Jayanta Mahapatra (22 October 1928 – 27 August 2023) was an Indian poet.[1] He is the first Indian poet to win a Sahitya Akademi award for English poetry. He was the author of poems such as "Indian Summer" and "Hunger", which are regarded as classics in modern Indian English literature. He was awarded a Padma Shri, the fourth highest civilian honour in India in 2009,[2][3] but he returned the award in 2015 to protest against rising intolerance in India.[4]

Jayanta Mahapatra
Born(1928-10-22)22 October 1928
Cuttack, Bihar and Orissa Province, British India
Died27 August 2023(2023-08-27) (aged 94)
Cuttack, Odisha, India
OccupationIndian English poet, Teacher of Physics
Years active1970–2023
Notable worksRelationship (1980)
Notable awardsSahitya Akademi, Padma Shri
ParentsLemuel Mohapatra, Sudhansubala Dash
Signature of Jayanta Mahapatra in Odia

Early life and education Edit

Jayanta Mahapatra was born on 22 October 1928 into a prominent Odia Christian family.[5][6] He attended Stewart School in Cuttack, Odisha. He completed his M. Sc. in Physics from Patna University, Bihar. He began his teaching career as a lecturer in physics in 1949 and taught at various government colleges in Odisha including Gangadhar Meher University, B.J.B College, Fakir Mohan University and Ravenshaw University. He superannuated at Ravenshaw University (then Ravenshaw College) and retired from his government job as the Reader in Physics in 1986.[7]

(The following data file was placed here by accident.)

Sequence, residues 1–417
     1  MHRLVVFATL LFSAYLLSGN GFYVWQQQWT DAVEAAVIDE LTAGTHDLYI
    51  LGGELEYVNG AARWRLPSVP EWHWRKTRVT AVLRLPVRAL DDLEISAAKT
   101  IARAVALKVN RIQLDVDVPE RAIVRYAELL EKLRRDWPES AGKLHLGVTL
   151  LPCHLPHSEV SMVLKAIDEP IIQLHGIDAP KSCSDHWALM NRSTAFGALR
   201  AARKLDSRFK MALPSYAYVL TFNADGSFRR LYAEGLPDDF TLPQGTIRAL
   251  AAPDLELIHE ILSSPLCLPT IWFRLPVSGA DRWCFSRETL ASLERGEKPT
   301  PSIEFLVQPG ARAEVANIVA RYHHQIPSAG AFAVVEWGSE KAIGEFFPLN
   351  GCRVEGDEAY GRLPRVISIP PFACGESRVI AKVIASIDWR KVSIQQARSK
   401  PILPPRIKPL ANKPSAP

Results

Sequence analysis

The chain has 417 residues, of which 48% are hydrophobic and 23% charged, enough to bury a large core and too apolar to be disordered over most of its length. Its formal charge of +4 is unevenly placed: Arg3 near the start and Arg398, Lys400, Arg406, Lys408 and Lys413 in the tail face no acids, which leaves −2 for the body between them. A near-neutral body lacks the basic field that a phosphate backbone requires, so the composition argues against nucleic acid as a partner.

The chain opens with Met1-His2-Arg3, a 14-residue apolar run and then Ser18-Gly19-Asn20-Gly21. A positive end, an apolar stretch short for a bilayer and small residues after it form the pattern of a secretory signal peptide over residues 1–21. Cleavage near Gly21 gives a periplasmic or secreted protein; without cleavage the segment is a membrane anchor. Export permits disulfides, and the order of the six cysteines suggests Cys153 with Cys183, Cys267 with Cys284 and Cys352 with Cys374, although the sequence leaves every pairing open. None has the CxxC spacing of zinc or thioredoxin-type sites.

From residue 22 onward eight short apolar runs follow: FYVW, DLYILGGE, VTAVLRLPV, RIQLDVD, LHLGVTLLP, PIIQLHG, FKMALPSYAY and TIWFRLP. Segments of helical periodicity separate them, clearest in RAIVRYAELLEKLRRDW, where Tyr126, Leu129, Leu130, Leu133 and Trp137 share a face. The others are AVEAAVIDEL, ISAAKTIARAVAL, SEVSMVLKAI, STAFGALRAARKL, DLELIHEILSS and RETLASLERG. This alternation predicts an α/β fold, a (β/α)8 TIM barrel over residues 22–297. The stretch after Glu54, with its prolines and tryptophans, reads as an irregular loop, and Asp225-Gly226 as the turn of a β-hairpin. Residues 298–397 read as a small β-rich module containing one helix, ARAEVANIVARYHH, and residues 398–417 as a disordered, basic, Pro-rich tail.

Mahapatra began his writing career in the late sixties. His short stories and poems were initially rejected by several publishers, until his poems were published in international literary journals. He was invited to participate in the International Writing Program at Iowa, which brought him international exposure.[citation needed]

Writing Edit

Mahapatra was part of a trio of poets who laid the foundations of Indian English Poetry, which included A. K. Ramanujan and R. Parthasarathy.[8] He differed from the others in not being a product of Bombay school of poets. Over time, he managed to carve a quiet, tranquil poetic voice of his own, different from those of his contemporaries.[9]